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RE: the TV part of HDTV

	>>Given #1) CBS' currently proposed delivery specification for
	>>Definition calls for shows produced on 35mm film to be
delivered for
	>>broadcast in 1080I, mastered on Panasonic D-5 recorders. 

	Given #1A) None of that will happen unless license fees are
increased significantly and/or production companies are willing to talk
about assembling negatives and performing one, and only one, high def
transfer. CBS can issue whatever delivery requirements it wants, but
unless it is willing to meet the price tag, studios won't deliver
elements that meet those requirements.

	>>Observation #1)... I haven't yet heard any discussions
	>>about how the facilities that now provide services to episodic
	>>television producers will do so in the next few months in High
	>>Definition, on what kind of schedules, and for what kind of
	>>dollars. I realize that some of these issues may be
competitive secrets,
	>>and so I'm only asking for a public discussion of the things
that you
	>>think you can talk about without putting your companies at
	.>>... But,
	>>I'm very interested in finding out how the vendors who will
have to
	>>deliver HD masters to us intend to do so.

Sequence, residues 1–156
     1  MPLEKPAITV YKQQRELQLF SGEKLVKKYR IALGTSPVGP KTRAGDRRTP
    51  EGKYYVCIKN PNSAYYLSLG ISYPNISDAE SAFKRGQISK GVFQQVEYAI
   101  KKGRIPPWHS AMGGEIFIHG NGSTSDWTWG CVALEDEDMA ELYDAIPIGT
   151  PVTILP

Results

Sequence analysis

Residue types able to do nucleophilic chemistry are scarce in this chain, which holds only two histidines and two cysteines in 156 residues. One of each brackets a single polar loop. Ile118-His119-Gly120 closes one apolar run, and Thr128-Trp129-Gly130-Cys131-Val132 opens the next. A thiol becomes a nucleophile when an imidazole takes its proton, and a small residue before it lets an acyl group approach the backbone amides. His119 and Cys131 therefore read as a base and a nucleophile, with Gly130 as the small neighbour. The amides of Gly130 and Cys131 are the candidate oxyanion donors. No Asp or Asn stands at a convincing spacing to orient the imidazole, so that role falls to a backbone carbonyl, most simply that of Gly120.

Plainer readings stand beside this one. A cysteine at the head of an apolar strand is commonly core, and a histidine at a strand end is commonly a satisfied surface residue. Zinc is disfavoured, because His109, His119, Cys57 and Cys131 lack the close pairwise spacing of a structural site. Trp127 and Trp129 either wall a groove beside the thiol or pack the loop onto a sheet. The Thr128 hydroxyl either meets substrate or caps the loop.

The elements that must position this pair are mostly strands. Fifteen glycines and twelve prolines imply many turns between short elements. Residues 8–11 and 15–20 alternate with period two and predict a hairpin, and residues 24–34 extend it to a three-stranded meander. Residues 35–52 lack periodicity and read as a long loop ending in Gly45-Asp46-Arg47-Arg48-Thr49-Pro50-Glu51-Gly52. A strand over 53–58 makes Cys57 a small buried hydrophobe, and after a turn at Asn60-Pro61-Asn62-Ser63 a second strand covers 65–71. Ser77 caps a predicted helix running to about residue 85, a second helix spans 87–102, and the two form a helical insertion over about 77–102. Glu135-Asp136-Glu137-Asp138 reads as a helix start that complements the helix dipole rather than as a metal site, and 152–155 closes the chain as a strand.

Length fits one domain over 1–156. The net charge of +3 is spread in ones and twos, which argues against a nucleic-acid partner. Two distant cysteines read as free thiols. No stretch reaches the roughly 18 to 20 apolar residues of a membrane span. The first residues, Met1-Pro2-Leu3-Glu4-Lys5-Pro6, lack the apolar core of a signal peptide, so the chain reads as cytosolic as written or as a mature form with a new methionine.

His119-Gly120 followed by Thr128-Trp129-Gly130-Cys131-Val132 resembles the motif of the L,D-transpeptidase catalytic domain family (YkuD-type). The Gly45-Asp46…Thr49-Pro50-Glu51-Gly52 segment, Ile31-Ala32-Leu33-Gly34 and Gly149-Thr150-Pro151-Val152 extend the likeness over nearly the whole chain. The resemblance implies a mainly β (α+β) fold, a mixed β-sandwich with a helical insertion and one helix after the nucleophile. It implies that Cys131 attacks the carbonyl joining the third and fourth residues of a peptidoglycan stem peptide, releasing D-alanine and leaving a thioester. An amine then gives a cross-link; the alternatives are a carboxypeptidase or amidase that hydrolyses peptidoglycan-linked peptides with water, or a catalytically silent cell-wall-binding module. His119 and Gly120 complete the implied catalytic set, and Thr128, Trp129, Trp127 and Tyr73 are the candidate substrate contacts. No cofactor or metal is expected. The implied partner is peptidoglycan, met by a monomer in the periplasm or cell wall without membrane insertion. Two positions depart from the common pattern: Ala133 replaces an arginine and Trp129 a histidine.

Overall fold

There are no secrets that I know of. There is also no equipment
currently on sale that will deliver a complete system that I know of.
There is also no knowledge as to whether whatever CBS decides they want
is what everyone else will agree on. There is also no bread and butter
hi def telecine; the only ones currently available commercially are
tremendous overkill, both technically and in terms of pricing, for the
broadcast television post market. So the answer probably is, that
vendors will do whatever the market demands they do. But someone,
probably the networks, has to pay for it. The question of how the
vendors intend to meet the requirements is one for the networks' vendors
--- namely the studios and production companies. Not the post
facilities, who will ultimately respond to whatever they're asked to do.

	Mike Most, Encore Video, L.A.

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